Solving Wordbrain

Robert Stone presented this talk as a practice run for using this presentation for a conference. He first described both depth-first search and breadth-first search. This ensured that everyone was familiar with the fundamentals for the solution techniques we will be exploring.

Then, he described the game WordBrain and gave examples to clarify how the game is played. The main points of the game are a set of letters, a given number of words to find, and the number of letters in each of the target words. There are no time limits. Hints can be requested. Unfortnately, we find that there may be more than one set of words that meet the criteria supplied, but only one answer.

Robert showed how he used a standard search technique to generate all possible word combinations from the gameboard. These potential solutions are filtered to generate only actual solutions. The resulting solutions are formatted and displayed to simplify testing the potential answers by entering them into the program.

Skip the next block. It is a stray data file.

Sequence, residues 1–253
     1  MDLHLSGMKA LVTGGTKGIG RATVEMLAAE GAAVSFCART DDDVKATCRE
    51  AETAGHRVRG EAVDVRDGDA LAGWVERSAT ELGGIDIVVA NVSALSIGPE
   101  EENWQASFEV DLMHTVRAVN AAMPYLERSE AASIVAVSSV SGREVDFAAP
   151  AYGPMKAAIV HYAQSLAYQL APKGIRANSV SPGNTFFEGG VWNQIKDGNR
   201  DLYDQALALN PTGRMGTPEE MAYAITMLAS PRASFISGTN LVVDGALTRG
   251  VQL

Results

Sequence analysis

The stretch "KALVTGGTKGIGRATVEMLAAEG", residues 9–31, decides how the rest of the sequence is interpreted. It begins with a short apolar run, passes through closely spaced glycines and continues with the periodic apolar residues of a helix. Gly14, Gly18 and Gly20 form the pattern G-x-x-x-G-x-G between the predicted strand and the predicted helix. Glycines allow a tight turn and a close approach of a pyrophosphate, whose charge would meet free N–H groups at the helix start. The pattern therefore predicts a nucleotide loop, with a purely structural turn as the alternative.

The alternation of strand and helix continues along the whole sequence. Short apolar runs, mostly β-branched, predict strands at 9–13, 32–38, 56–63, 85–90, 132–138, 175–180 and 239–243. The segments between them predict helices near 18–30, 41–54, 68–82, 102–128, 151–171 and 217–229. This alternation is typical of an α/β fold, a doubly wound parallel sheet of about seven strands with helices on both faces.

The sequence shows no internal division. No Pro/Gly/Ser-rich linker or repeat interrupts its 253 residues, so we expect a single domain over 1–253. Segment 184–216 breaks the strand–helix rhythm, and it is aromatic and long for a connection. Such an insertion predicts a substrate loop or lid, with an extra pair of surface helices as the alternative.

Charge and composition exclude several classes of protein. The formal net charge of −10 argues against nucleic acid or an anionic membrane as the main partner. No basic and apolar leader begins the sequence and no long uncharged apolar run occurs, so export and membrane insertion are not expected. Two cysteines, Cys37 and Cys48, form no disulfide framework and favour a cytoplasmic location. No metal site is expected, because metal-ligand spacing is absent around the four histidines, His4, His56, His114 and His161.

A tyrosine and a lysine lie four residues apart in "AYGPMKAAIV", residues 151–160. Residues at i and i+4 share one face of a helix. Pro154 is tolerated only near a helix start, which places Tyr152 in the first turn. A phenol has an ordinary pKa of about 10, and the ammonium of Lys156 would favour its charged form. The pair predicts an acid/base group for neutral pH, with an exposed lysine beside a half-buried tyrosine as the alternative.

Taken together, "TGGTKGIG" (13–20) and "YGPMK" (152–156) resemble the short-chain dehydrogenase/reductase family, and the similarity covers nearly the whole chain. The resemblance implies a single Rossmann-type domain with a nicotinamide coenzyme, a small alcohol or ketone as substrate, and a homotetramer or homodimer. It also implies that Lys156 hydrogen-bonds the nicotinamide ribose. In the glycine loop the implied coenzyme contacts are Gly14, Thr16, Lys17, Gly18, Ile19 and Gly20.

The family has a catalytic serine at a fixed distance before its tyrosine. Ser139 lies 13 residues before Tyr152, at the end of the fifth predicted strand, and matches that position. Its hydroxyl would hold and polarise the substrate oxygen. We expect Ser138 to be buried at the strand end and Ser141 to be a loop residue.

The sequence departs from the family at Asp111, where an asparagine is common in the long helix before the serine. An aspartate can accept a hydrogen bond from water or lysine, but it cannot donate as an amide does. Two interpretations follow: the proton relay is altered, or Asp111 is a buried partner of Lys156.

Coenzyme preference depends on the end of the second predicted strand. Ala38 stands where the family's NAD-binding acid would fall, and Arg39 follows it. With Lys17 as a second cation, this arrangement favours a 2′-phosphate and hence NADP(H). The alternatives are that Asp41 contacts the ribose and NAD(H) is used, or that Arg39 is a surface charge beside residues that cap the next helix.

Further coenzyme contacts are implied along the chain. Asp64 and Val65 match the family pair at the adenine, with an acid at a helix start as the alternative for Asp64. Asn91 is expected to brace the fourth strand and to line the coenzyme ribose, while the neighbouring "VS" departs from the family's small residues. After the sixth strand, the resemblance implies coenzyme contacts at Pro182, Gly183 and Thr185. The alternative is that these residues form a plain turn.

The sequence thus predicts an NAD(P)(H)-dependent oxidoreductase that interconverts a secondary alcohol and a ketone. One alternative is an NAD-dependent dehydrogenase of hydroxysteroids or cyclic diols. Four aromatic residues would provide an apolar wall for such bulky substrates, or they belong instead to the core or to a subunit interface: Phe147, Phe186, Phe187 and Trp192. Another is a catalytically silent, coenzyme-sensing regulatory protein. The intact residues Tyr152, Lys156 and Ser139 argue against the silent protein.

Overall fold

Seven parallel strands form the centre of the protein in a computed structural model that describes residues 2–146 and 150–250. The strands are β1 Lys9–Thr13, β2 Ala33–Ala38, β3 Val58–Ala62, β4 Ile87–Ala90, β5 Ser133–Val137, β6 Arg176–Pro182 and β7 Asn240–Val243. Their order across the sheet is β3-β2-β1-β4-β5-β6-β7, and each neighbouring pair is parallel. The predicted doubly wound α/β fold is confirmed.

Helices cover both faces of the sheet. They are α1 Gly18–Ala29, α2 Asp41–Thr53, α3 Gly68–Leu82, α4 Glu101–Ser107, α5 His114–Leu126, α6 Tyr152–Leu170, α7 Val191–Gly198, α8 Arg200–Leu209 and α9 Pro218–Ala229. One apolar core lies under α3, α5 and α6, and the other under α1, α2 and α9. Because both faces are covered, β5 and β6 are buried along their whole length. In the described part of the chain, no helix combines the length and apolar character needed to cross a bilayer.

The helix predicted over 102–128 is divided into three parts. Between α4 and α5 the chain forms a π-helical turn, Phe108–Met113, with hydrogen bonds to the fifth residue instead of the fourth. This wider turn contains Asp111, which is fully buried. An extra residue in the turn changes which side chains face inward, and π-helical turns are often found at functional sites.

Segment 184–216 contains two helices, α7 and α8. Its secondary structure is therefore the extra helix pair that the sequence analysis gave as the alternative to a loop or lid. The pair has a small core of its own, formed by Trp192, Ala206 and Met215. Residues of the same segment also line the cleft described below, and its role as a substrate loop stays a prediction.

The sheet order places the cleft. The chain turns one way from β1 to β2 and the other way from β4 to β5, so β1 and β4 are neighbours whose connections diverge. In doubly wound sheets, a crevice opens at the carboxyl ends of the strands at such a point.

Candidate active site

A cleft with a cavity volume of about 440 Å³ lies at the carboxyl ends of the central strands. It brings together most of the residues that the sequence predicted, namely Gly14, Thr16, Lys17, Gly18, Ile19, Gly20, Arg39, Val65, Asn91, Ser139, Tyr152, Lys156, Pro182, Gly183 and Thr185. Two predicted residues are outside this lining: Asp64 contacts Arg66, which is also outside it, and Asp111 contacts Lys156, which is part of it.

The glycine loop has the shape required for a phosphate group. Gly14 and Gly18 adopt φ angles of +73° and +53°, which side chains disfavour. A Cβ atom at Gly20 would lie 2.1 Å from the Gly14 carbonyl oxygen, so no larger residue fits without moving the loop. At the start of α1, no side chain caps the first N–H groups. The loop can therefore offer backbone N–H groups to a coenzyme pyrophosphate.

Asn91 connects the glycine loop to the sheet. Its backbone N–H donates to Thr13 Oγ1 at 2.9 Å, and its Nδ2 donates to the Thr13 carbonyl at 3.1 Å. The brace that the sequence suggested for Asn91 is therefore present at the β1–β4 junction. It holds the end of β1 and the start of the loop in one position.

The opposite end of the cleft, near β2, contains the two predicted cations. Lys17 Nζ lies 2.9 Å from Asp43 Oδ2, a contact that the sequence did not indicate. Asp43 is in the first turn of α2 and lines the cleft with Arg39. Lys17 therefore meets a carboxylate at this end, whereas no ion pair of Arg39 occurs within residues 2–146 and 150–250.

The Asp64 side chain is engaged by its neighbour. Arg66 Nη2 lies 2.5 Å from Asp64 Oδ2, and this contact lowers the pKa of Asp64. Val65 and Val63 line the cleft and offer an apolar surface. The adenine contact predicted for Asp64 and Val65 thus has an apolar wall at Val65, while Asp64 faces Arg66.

He showed the code and explored many of the design decisions that he had made. Since the code had run slower than he expected, he had turned to Devel::NYTProf to determine the bottlenecks in the code. These measurements lead to potential optimizations, which he discussed.

The meeting quickly turned into a discussion of his coding decisions with different suggestions on speed improvements. We discussed different approaches to limit the depth of recursion and ways to more quickly recognize dead-ends. The group was quite engaged in suggestions to help with performance.

Robert has provided his materials for others to study, including

We had 11 people attending this month. As always, we'd like to thank Hostgator, LLC for providing the meeting space and food for the group.